As the babies grow parents are often left wondering when can they offer their baby dairy products like cheese and yogurt. They find themselves at loss when deciding whether to use milk in recipes that the baby is going to eat or not, or if they can give full fat dairy products to the baby. Here, we are compiling a list of some common dairy products along with their pros and cons for babies and when it is safe for them to start having these products in their diet.
You should wait at least 12 months to introduce milk as a drink in the diet. This is because the dairy milk affects the absorption of the iron in the body negatively. Also, for the babies, the dairy milk is harder to digest than infant formula or breast milk. The milk does not contain all the nutrients contained in the infant formula and therefore should not be used as a substitute until the age of 1 year. If the breast milk or formula is replaced with cow milk before 12 months of age, there is a risk of serious health issues. These include Iron Deficient Anemia. It can also lead to a deficiency of Vitamin E and Essential Fatty Acids, which are crucial for healthy growth and development. Babies who are older than 8 months can have baked goods containing milk because the cooking of the food breaks down the milk proteins.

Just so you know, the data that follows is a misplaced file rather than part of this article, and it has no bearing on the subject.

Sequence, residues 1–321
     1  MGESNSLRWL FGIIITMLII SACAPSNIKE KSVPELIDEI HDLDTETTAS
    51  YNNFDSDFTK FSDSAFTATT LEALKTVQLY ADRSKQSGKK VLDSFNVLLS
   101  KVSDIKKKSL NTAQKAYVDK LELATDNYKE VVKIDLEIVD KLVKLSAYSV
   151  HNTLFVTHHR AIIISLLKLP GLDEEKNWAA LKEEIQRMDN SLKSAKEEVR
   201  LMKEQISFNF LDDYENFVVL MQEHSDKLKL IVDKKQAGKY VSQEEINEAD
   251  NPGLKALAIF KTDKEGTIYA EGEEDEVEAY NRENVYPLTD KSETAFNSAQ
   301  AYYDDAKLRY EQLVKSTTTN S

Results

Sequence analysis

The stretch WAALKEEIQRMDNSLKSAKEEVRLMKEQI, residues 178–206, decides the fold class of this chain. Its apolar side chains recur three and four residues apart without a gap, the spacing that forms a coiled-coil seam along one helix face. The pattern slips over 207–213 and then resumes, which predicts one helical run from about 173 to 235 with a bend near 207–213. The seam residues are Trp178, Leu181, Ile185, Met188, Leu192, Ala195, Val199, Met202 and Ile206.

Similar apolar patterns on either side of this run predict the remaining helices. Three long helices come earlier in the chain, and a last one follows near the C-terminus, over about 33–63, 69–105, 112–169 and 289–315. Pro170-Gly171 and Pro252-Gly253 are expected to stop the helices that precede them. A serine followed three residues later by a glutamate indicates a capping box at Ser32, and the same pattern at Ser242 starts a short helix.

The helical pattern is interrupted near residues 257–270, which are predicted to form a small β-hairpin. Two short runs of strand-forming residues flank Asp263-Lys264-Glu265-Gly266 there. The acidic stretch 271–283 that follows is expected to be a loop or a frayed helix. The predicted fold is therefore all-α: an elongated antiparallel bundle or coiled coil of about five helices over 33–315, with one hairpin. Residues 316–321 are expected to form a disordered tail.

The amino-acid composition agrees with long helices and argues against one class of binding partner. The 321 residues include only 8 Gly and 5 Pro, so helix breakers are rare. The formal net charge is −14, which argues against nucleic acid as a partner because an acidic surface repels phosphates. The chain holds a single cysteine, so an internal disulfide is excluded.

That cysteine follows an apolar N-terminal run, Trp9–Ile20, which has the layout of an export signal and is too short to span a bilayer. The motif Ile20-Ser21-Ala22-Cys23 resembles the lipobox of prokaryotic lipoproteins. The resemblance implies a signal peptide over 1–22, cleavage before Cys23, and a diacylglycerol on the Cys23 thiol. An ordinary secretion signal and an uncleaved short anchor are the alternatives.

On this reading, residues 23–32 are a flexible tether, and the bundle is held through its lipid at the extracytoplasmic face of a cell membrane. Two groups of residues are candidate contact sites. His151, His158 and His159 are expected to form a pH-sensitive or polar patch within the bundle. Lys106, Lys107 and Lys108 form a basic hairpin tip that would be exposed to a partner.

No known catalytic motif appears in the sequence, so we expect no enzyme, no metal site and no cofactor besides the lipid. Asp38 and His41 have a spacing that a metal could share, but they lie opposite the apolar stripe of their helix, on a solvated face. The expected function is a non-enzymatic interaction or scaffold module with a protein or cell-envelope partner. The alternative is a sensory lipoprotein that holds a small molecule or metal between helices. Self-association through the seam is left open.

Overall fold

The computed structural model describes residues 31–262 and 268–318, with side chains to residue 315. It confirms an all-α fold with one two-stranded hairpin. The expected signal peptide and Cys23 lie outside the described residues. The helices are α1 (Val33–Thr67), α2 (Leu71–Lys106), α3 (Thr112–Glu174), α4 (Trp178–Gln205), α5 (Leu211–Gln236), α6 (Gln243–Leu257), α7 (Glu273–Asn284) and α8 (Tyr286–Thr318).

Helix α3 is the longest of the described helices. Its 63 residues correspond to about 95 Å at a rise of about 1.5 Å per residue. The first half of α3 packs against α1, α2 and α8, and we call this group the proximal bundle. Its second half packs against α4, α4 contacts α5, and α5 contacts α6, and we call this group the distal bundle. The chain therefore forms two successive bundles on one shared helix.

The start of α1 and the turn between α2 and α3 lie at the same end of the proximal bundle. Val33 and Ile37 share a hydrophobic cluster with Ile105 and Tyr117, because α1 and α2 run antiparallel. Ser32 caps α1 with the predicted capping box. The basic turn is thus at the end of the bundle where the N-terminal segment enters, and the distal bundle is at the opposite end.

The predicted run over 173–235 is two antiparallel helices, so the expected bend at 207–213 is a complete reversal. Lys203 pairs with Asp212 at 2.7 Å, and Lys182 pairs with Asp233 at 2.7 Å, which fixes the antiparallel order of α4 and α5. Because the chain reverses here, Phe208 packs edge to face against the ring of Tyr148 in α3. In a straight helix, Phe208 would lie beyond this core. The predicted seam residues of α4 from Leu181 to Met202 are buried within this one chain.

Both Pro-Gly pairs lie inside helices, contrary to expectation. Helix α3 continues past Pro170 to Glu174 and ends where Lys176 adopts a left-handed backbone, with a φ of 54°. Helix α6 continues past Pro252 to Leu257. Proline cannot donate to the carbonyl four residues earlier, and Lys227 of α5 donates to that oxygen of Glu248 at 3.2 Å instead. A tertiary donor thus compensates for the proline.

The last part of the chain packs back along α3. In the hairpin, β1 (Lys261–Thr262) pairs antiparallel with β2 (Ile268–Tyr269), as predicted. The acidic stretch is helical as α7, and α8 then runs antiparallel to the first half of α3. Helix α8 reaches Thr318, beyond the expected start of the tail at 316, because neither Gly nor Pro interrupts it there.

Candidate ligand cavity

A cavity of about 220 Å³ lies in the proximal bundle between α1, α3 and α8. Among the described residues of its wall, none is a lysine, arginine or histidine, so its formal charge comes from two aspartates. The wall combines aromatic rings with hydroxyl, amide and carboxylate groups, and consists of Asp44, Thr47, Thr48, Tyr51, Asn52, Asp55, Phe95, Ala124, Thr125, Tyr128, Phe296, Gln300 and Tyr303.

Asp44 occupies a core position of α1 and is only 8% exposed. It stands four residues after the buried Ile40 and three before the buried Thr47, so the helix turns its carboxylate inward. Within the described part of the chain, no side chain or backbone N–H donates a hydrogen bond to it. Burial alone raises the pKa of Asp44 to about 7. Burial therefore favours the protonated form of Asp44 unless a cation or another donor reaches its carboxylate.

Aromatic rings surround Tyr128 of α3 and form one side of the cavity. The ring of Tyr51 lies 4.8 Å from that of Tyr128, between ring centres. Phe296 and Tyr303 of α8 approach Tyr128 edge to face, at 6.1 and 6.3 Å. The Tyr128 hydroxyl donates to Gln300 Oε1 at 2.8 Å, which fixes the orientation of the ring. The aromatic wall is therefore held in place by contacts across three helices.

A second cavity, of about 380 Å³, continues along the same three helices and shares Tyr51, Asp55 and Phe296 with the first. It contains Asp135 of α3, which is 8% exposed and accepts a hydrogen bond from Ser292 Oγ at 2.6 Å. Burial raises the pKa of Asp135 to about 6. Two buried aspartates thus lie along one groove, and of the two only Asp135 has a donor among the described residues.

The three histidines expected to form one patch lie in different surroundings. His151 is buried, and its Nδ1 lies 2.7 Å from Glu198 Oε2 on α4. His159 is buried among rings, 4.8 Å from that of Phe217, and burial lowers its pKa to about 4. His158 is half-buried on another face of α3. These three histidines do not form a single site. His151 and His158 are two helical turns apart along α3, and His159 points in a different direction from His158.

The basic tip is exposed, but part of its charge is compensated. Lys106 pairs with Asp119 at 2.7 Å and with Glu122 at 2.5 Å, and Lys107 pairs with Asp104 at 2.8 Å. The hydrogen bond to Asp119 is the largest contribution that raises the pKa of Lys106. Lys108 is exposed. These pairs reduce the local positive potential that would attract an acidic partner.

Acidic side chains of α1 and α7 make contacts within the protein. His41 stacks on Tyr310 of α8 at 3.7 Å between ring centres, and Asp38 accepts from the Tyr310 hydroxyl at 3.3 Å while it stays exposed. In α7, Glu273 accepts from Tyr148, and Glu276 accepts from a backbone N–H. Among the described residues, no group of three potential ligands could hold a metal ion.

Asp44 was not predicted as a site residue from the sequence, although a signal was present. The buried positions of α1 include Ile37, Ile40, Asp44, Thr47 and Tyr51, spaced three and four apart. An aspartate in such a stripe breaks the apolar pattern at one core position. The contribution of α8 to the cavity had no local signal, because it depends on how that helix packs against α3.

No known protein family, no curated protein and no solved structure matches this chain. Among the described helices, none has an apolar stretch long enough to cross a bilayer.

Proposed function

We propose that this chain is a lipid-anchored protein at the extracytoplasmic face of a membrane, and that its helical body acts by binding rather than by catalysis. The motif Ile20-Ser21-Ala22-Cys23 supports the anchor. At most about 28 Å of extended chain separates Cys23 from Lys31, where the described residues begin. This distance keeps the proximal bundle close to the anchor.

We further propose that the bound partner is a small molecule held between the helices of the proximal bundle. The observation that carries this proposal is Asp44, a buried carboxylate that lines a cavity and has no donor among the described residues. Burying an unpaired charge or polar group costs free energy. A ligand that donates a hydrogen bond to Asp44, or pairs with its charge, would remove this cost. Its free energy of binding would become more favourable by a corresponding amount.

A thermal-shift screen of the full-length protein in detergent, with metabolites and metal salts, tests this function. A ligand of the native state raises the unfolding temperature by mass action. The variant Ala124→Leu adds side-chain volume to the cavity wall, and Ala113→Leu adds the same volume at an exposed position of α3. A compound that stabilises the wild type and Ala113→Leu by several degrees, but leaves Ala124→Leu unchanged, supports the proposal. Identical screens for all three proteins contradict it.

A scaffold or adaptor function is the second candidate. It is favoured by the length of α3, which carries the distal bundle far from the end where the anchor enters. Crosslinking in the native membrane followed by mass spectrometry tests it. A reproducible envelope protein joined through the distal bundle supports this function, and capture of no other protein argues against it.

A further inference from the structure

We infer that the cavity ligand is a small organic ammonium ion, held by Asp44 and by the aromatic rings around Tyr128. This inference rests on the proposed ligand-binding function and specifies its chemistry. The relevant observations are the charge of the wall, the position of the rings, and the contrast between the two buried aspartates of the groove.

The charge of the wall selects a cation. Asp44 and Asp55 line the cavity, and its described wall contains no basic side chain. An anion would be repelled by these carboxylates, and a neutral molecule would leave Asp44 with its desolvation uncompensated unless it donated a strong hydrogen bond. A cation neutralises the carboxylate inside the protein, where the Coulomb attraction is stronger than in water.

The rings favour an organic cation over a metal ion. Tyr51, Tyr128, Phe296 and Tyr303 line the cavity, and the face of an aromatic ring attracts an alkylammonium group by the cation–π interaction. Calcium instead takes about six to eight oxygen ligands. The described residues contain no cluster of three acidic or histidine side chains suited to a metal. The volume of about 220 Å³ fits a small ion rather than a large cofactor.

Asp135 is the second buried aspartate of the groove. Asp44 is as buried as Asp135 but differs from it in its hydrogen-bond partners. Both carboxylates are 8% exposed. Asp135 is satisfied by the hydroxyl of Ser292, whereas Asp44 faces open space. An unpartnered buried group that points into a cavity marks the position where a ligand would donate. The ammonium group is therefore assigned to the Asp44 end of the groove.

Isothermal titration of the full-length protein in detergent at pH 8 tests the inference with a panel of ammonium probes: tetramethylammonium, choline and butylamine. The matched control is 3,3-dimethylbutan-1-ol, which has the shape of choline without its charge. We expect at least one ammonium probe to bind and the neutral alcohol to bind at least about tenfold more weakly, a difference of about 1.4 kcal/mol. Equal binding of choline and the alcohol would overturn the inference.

Pure cheese is a great food for baby and if the baby does not have any dairy allergies, you can start giving it to them when they are 8 months of age. You should start with Jack cheese or Colby cheese, which are lighter tasting cheeses. You can either melt cheese over vegetables or add them to the otherwise you can cut it into pieces and offer a snack to the baby.
The typical age to introduce yogurt is 8 months but it can be given as early as 6 months depending on the baby’s reaction to allergies. Yogurt can be introduced early because unlike cow milk there is no risk of replacing the formula or breast milk completely. With the culturing of yogurt, the lactose is already broken down and milk proteins are removed or limited making it easier to digest. Even if the child is lactose intolerant, he or she can easily handle yogurt and cheese. Yogurt is a great source of calcium for the baby and the bacteria present in it are really good for the digestive system.
If you have a history of allergies from the milk and lactose intolerance in the family, introducing dairy products before 12 months of age is not a good idea. After that, most babies outgrow these allergies and the risk of developing allergies is also reduced.
The baby needs fat. Fatty acids and fat are essentially required for brain development, to name one reason of the many. The reason the breast milk and formula are so nutritious is that they have high-fat content. Refrain from giving baby low fat or no fat dairy products until they are at least 2 years of age or you are otherwise instructed by the baby’s doctor.
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